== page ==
be autonomous and sovereign." But even though the initial Resolution seeking a separate
political identity may have yet been tentative, the mood of the Muslim League was no longer
hesitant, or double-minded. It was now prepared to exploit any opportunity provided to it. This did
not take long.
As the Second World War progressed and India's contribution to the War effort was, again,
decisive. Britain had no intention of being deprived of it. But Indian leaders were aware of the
significance of its role. It had provided an enormous resource base, of men, manufactures, food and
provisions, to the Allied forces around the world. and Britain seemed to be giving nothing in return.
In 1942 the Congress passed the "Quit India" Resolution. Britain was not prepared to publically
countennace this eventuality. Congress leaders went to the Ahmadabad Fort Prison.
The League leadership was also for the winding up of the Raj. But upon different terms. It
therefore responded at once with the call for "Divide and Quit". A confident and vigorous Muslim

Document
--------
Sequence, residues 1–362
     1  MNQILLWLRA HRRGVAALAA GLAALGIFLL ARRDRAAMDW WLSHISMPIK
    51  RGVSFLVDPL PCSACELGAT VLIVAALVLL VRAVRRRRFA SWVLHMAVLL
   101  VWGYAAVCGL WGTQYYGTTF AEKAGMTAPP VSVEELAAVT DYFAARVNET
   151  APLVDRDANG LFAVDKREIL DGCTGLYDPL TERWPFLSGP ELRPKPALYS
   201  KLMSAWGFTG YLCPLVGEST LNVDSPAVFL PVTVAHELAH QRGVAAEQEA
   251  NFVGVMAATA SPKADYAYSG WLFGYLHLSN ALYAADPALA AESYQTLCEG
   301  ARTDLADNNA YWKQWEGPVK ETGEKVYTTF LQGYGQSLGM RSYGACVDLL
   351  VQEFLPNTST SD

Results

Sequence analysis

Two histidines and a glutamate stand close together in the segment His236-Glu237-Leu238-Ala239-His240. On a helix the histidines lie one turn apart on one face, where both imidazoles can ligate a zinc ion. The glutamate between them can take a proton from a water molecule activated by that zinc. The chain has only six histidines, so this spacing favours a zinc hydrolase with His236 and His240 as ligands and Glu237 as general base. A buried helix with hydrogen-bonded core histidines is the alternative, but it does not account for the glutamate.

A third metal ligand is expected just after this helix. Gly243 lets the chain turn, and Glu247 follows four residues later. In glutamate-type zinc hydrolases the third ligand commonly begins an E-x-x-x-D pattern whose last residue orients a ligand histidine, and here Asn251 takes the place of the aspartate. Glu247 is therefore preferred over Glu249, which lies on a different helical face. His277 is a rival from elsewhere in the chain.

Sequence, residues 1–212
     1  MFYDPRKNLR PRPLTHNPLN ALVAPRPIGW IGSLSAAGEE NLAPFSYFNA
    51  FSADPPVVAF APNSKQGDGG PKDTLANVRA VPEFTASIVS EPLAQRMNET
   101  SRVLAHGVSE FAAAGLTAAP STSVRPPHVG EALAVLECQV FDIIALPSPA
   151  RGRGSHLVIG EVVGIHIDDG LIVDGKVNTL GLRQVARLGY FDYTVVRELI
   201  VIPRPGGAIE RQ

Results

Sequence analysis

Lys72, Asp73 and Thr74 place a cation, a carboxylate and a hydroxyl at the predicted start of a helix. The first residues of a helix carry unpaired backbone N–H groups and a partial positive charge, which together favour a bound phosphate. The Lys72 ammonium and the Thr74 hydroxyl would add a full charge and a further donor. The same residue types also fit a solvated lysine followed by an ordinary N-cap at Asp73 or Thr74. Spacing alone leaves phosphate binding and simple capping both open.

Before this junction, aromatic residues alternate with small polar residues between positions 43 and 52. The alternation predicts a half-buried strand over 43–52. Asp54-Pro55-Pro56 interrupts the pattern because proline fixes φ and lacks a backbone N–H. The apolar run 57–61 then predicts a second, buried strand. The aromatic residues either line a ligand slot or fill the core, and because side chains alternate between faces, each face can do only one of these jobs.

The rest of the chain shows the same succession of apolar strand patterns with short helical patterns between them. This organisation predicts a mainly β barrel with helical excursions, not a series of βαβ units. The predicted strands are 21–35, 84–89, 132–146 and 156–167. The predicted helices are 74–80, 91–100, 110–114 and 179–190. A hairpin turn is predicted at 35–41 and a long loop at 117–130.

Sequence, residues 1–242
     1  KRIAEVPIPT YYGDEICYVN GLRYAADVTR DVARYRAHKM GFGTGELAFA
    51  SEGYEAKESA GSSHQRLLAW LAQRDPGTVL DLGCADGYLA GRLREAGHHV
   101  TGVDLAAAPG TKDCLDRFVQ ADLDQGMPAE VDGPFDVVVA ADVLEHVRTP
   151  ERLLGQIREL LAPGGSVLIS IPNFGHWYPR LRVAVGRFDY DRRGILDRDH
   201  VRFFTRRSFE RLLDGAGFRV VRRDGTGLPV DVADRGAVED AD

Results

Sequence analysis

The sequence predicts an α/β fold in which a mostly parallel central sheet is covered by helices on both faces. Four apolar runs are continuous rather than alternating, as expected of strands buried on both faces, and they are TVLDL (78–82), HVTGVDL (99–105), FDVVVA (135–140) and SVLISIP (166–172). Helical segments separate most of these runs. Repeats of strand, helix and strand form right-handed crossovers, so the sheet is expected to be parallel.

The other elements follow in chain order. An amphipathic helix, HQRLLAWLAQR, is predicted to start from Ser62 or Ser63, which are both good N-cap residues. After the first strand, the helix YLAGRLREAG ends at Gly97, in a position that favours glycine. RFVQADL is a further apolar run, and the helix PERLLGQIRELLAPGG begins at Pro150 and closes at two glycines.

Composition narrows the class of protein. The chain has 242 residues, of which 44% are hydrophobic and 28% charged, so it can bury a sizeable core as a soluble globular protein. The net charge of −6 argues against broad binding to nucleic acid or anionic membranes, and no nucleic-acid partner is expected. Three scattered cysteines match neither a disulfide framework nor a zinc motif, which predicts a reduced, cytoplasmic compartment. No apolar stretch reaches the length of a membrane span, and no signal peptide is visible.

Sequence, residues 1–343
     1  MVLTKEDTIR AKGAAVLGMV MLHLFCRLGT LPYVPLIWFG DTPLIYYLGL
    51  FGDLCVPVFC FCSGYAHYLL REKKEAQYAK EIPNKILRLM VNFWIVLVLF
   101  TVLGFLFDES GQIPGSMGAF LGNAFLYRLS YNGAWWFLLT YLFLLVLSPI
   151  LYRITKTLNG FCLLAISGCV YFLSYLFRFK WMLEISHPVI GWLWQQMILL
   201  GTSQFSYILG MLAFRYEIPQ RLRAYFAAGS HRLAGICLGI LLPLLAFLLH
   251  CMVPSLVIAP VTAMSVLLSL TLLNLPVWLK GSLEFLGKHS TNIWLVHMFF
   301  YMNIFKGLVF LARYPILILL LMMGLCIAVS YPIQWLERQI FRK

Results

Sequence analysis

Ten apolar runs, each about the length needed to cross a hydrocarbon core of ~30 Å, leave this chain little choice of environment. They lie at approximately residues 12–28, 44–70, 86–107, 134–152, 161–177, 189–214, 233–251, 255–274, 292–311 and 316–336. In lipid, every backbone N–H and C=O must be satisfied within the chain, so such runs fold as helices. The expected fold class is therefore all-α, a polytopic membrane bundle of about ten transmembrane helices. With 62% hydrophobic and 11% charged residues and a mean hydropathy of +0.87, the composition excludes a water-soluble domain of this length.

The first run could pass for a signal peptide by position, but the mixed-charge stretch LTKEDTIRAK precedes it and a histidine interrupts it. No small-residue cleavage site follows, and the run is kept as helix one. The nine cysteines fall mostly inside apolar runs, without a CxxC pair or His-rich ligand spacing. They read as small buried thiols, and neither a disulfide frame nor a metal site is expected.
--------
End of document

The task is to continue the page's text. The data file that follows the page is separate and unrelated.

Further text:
League demanded the partition of India and the establishment separate homelands for the
Muslims of India. The Muslim League of M.A. Jinnah had thus brought 'Pakistan' upon the political
horizon of the Sub-continent. It leaders went to the Muslim masses.
The landed gentry of the Indus region was now paying heed to the League. The Sindh Assembly,
composed almost entirely of the feudal lords, had voted its adherence to the Pakistan Resolution
in 1940. In the Punjab the feudal class was led by Prime Minister Sardar Sikandar Hayat of the
Unionist Party. Even though the League had won only one out of the 86 seats in the Punjab in the
1937 elections, the Unionists now felt its presence and were under pressure. The Jinnah-Sikandar
Pact (October 1937), established the Unionist Party's realisation that it needed the support and
blessings of an extra-parliamentary party, the Muslim League. Jinnah and the League had become
inevitable for the the feudals of the Indus region. Events had come full circle. The ailing and frail
Jinnah's commitment and determination were now winning, and winning fast.
Sikandar's successor, Khizar Hayat at first attempted to assert his independence of League's
policies (guaranteed adherence to by the Pact). He could not hold his own however, after Jinnah